The idea was to inspite modern manufactures with good examples of Art and design from all over the world and different hystorical periods.

The purpose was to offer a resource for designers, Artists, architects and general public with good examples of design and Art inorder to create something new.

What I appreciate most about the V&A is that it serves as a creative inspiration tank with many artefacts that have been carefully selected none discriminative of time, particular form or culture.

Unlike a normal museum were everything is filed in sections, here at the V&A you are taken by surprise as you walk through the building, constantly discovering something in a childlike curiosity.

You will find fashion,  many world wide cultural treasures past, present and future, art, jewellery  architecture many elements of wonders of the world. If you are a photographer or textile designer, painter a creative or just someone who appreciates beautiful things you are definitely going to be inspired here at the V&A.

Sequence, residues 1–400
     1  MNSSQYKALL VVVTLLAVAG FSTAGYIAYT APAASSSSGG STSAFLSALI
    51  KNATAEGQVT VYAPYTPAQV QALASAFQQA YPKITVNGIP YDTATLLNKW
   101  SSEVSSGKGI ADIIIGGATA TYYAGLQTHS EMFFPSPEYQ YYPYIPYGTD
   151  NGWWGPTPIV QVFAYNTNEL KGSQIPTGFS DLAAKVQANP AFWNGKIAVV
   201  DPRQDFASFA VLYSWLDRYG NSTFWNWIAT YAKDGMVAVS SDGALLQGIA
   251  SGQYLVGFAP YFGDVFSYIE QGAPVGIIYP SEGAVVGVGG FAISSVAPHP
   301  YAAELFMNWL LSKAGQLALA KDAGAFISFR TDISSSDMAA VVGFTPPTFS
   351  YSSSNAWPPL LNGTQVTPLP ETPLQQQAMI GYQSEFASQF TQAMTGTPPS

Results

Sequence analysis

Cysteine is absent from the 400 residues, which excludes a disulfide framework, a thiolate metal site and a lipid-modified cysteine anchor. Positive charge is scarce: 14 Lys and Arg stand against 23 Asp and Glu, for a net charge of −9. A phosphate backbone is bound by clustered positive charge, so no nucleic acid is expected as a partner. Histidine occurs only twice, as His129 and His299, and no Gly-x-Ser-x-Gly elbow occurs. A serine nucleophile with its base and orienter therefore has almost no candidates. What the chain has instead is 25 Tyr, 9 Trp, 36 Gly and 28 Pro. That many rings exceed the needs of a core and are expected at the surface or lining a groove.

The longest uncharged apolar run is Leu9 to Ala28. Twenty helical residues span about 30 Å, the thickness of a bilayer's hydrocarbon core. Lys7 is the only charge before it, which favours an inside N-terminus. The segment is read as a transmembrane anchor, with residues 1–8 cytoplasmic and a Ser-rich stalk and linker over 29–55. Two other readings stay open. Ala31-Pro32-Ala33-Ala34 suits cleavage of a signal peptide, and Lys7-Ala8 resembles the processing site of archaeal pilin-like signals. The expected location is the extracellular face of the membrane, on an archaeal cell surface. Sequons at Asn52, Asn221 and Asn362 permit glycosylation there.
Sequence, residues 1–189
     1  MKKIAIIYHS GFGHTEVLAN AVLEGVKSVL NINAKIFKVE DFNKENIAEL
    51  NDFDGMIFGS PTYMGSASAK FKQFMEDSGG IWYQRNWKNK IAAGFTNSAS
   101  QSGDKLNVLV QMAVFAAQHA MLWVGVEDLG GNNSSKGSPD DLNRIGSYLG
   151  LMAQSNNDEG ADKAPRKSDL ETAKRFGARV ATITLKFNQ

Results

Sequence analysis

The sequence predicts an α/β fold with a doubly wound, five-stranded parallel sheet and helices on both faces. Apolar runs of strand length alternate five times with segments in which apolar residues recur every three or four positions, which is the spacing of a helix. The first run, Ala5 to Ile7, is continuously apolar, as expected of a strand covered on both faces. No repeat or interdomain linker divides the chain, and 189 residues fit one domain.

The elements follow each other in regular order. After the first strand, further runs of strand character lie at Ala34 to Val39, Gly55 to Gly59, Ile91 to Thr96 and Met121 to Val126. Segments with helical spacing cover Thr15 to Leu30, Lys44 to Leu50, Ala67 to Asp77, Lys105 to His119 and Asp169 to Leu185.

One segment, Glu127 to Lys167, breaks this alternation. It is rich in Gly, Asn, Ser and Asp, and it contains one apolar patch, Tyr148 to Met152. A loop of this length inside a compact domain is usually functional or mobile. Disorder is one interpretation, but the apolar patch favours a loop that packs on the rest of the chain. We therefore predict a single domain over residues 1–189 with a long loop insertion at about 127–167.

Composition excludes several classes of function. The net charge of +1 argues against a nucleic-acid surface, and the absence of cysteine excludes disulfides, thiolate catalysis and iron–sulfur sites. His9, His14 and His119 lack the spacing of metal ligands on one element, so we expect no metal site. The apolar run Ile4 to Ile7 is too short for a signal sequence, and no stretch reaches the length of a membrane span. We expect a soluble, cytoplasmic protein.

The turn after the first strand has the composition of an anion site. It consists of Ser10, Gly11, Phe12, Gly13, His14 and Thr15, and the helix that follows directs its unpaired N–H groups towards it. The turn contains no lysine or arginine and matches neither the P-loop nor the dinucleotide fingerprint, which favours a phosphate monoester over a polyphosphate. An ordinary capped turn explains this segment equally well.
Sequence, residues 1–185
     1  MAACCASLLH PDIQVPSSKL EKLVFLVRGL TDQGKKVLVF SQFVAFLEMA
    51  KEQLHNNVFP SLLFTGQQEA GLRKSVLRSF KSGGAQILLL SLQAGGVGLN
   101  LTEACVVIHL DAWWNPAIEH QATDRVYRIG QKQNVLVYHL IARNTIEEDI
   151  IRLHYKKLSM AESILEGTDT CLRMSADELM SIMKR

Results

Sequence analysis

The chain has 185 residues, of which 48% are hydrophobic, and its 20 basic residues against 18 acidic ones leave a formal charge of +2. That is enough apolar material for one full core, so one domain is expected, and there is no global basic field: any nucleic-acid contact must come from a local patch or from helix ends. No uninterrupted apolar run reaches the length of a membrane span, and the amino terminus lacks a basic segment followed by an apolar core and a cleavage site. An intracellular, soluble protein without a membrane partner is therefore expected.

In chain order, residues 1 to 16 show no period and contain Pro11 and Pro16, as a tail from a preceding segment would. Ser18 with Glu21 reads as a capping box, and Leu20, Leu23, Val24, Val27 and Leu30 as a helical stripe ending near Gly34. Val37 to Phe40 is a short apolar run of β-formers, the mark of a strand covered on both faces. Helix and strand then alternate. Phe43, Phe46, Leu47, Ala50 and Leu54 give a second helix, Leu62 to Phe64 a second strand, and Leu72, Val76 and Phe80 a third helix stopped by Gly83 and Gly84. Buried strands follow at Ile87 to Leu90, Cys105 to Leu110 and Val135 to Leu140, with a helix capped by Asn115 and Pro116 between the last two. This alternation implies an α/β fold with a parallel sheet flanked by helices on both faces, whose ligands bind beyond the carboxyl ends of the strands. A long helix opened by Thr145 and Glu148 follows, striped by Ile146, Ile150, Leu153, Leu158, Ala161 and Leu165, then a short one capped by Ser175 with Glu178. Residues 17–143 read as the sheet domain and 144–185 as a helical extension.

The V&A exhibits  old design inspiring modern design. Old and new co exist together in beautiful and ever current harmony. Were ever you look it all works together.

Everyone who comes here will see it differently. Many designers like Vivian Westwood, Paul Smith all love the V&A for the very same reason as so many do….the exquisit source of inspiration.

One of the most important contribution the V&A inspires first and foremost it the importance of good craftsmanship no matter what kind of artist or designer you may be!

Everywhere you go in you will find people drawing, sketching, writing and taking pictures.